Zimbabwe’s contemporary foreign policy has been coloured by anti-imperialist proclamations that the country will never be a colony again. These proclamations have been largely directed at the West due to tensions over the ‘land question’. Sour relations between Zimbabwe and the West have caused the country to look east towards China. But has Zimbabwe substituted one form of imperialism for another?
Foreign policy since independence
Since Zimbabwe achieved independence in 1980, the country has prioritised safeguarding its sovereignty. Zimbabwe has deployed defence forces on a number of occasions to achieve this goal. It deployed troops to protect the Beira Corridor in Mozambique and to counteract South African destabilisation initiatives in 1980. In 1998, Zimbabwe intervened in the Democratic Republic of Congo to safeguard geopolitical and economic interests in the spirit of Pan-Africanism—much to the chagrin of the West. However, while Zimbabwe has taken active steps to safeguard its sovereignty and pursue both its geopolitical and economic interests, in the 1990s it bowed to Western pressure and implemented structural adjustment programs at the behest of the International Monetary Fund (IMF).
Zimbabwe has also historically been an active participant in multilateral fora and a supporter of Pan-Africanism, good international citizenship, and the peaceful resolution of conflicts. African countries’ participation in peacekeeping operations is often overlooked, however, Zimbabwe has participated in several UN peacekeeping operations. These include those in Angola, Somalia, Uganda and Rwanda in the 1990s; and during the 1989-1991 mediation efforts in Mozambique and Angola. Additionally, Zimbabwe participated in UN police contingents in Bosnia, East Timor, Somalia, Sierra Leone, Liberia and Darfur in Sudan, as well as in bilateral and multilateral training of Southern African Development Community defence forces.
Zimbabwe also pursued relations with the then ‘Eastern Bloc’—China, Cuba, North Korea, Russia—in the 1980s, partly due to their support during the armed liberation struggle and to offset its historical dependence on the West. In the 1980s, Zimbabwe subsequently had an overtly socialist outlook, one driven by the need to redistribute wealth in a country where a white minority enjoyed much higher standards of living than the black majority, by virtue of holding most of the arable land. The Fast Track Land Reform Program, indigenisation, and black economic empowerment policies are, arguably, a continuation of this outlook. Despite the mismanagement of the land redistribution process, these policies are part of a broader commitment to egalitarianism, a commitment that the West has consistently undermined, including through the neoliberal IMF-led structural adjustment programs of the 1990s, and the IMF staff-monitored program reforms currently underway.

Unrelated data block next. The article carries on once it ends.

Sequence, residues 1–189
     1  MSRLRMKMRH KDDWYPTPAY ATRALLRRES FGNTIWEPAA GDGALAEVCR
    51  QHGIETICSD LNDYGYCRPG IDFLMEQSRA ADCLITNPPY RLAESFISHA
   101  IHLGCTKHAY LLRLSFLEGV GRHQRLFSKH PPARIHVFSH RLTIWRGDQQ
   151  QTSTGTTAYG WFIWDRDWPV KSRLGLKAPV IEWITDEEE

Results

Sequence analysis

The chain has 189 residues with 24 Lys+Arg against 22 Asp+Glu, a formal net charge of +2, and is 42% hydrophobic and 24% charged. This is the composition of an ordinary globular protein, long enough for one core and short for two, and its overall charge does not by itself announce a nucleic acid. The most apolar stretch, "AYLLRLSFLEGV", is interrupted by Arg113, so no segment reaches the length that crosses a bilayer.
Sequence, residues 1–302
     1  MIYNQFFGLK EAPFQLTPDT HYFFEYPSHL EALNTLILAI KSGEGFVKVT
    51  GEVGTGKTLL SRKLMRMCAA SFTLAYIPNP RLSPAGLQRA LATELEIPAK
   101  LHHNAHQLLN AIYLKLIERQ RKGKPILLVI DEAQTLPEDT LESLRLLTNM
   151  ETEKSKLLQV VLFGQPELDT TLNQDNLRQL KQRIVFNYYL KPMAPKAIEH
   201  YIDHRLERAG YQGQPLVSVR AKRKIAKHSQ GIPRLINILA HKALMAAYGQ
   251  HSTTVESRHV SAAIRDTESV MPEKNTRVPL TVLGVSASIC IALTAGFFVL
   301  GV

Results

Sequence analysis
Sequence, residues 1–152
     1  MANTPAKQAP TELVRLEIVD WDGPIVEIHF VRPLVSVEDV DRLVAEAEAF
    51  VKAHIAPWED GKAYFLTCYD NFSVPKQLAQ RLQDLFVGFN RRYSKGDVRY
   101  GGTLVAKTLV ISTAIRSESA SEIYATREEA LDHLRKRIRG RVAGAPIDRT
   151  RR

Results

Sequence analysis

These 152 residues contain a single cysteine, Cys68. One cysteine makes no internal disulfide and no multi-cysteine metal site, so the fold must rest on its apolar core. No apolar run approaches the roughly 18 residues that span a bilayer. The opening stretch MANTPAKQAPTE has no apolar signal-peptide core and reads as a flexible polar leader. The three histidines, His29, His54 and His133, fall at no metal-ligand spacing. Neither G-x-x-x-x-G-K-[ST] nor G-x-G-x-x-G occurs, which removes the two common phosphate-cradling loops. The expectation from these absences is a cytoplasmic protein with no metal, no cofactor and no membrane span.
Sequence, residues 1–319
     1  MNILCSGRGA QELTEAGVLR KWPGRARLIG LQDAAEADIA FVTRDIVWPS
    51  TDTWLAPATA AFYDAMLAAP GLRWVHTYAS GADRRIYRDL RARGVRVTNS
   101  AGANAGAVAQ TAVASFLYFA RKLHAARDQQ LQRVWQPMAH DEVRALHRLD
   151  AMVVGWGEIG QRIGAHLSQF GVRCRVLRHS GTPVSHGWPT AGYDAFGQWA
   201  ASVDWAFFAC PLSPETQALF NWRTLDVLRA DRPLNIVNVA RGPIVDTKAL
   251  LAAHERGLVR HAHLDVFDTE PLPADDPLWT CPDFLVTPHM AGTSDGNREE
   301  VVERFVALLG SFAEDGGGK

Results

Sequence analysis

Foreign policy in the present
Arguably, multilateral fora such as the World Trade Organization (WTO), the IMF, and the World Bank, have been part of a broader strategy to gain access to developing countries’ economies and resources in the post-independence period. The structural adjustment reforms that Zimbabwe and other African countries underwent have undermined intra-African trade, which currently stands at less than 12 per cent. Instead, most African trade is with countries of the OECD. Disputes in the WTO have often centred on African countries gaining access to OECD markets.
The West’s engagement with Africa has, therefore, been coloured by a need to maintain Africa’s historical dependency on the world’s traditional powers. And whilst China being driven by its own geopolitical and economic concerns is not in question, it increasingly presents a more desirable trade and investment partner. It is, of course true, that the Beijing Consensus upholds several ingredients of the Washington recipe.
It can now be said that the West’s influence on Zimbabwe is in decline and Chinese soft power is leading the way. Whatever the content of the Beijing Consensus, China will soon be Africa’s preferred diplomatic and national development partner, with 63 per cent of Africans saying China’s influence has been positive. The Chinese show greater willingness to share their technology while the West, including Australia, seems afraid of African self-sufficiency. China has now become the country’s largest trading partner and Zimbabwe has even recently adopted the Chinese yuan as its primary international currency.
However, Zimbabwe’s trade relations are not limited to China, but spread throughout the Asia-Pacific and, indeed, Eastern Europe. Zimbabwe is attempting to disperse its economic dependence onto a range other countries. The implementation of the IMF-designed structural adjustment reforms to normalise relations with the West are also a part of these efforts.
Zimbabwe’s leaders also need to work with other African leaders through the African Union to develop a coherent regional foreign policy and approach to securing investment, coordinating infrastructure and other development initiatives at the sub-regional level. Less emphasis on sovereignty, and effective use of multilateralism with an eye to regional trade, integration, and development should be the focus. The people of Zimbabwe and the broader southern African region, must be the principal beneficiaries of any foreign policy approach.
Tinashe Jakwa is a master of international relations student at the University of Western Australia.
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